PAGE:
I attended a breakfast last week entitled “Marketing to the Female Investor.”  I was pretty jazzed about this because, in addition to a pretty good expert panel, the core of the event was a review of fresh research on the topic and I was looking forward to getting a sophisticated update on my own experienced-but-possibly rusty notions.

That’s not exactly what the audience got.

The research’s executive summary declares that “single women are on the rise” (is this the 70’s?) and the study confirms that women are living longer, marrying later, get 58% of all undergrad degrees awarded in the US and are opening businesses at 2x the rate of men.  Speakers presenting the research still referred to this as the “women’s market” – despite the fact that 52% of all US citizens are female – and declared that members of this group have “special needs.”  The research itself, as in years past, said that 71% believe that financial services marketing is targeted to men, and fewer women then men say they understand financial services products well or extremely well (e.g. mutual funds, stocks, IRAs, trusts).  A nervous presenter inadvertently plunged me into a moment of despair when she explained that, while the female respondents may not have an equal understanding of said products, “they are still intelligent.”

Good grief.  Had nothing changed in 15 years?

When the morning turned to the panel, however, the tone began to change for the better.  Most of the panelists’ real-life priorities and programs focused on women’s changing roles in society, and how these role changes are increasingly non-linear:   that women, more so than men, may move back and forth between the core roles of provider and caregiver… and may, as a result, be more or less educated about financial services, may be shopping for products at different times, etc.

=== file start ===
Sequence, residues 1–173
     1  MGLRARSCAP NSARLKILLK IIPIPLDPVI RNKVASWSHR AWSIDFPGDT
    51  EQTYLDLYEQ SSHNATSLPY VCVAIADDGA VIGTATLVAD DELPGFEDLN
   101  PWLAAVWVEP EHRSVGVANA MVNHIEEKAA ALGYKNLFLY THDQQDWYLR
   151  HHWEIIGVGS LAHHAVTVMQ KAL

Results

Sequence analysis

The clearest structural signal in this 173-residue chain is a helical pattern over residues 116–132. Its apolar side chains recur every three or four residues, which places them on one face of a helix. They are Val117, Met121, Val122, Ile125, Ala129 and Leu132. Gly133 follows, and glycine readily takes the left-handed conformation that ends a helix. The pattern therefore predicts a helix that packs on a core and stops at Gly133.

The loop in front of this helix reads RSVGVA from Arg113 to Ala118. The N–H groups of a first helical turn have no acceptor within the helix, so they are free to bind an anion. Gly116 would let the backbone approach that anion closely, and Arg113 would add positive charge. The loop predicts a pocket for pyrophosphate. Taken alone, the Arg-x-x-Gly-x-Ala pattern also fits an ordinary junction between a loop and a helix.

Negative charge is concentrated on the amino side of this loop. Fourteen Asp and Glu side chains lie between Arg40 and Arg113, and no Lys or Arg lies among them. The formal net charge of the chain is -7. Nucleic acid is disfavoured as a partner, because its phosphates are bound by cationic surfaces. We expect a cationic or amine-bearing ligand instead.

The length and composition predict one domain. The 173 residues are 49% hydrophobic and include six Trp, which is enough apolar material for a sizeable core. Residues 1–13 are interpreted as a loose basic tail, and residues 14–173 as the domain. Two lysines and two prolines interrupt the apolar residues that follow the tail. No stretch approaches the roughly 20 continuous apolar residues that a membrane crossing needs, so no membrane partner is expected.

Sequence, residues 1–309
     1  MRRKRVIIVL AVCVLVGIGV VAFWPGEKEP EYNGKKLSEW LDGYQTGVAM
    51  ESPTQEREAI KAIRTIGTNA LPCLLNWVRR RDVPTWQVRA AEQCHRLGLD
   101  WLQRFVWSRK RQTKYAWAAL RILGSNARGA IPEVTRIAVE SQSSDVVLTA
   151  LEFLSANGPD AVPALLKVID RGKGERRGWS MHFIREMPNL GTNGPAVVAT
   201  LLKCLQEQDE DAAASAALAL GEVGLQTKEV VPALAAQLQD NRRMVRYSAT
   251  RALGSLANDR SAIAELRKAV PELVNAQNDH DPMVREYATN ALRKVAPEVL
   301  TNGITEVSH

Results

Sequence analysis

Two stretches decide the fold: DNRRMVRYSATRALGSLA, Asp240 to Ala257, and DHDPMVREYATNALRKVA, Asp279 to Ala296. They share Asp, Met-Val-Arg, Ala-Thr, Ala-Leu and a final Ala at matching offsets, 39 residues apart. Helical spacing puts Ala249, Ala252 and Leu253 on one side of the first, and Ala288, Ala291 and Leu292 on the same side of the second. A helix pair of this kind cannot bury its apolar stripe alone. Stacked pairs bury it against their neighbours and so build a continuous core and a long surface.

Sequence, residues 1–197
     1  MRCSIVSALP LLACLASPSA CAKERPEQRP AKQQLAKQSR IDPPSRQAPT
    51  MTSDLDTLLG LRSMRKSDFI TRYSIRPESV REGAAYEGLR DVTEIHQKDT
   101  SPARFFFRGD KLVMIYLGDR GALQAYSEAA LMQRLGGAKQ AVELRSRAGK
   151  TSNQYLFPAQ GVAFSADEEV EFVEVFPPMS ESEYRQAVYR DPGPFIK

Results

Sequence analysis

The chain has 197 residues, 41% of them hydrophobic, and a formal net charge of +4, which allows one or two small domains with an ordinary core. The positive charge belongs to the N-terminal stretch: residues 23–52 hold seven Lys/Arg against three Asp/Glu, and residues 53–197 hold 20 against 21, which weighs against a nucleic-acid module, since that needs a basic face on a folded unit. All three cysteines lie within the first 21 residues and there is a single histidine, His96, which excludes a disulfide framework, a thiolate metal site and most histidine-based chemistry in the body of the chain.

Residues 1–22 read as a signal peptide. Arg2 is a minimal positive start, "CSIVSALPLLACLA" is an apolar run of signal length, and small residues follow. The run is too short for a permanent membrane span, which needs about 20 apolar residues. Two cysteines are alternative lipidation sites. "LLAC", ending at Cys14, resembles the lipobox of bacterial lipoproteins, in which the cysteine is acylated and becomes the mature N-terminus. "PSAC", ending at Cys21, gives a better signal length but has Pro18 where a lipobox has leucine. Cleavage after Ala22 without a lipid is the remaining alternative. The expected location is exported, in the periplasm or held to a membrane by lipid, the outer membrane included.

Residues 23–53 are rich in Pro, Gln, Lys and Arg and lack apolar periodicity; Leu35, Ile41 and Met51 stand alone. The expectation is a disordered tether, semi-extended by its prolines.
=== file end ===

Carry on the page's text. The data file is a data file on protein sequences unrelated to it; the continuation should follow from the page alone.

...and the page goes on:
So is there a primary segmentation scheme more relevant than gender?  Is it more valuable to target based on whether a person of either gender is home taking care of a child or aging parent vs. bringing home the bacon?  With roles, education levels and life span all changing, is gender becoming a secondary variable, rather than a primary one?

I sketched out the following during the session (and since I can’t draw in 3D, I just inserted the “Decision Maker” axis in here so I wouldn’t forget about it…):

stephanie_fierman_chart_finsvcs.jpg

There’s no question that, when observed in as close to real circumstances as possible, men and women tend to have different ways of consuming information, choosing financial advisors and so on.  But, right or wrong, “women’s marketing” has frequently been housed in retail bank groups focused on special niche populations – and this has not served to create a breakthrough positioning for, well, anyone.

Maybe we’ve reached a critical mass whereby it’s not whether or not one is female or male that should drive marketing communications and sales process design, but rather the role a person plays that dictates her – or his – financial needs, research habits and buying behavior.
 

 

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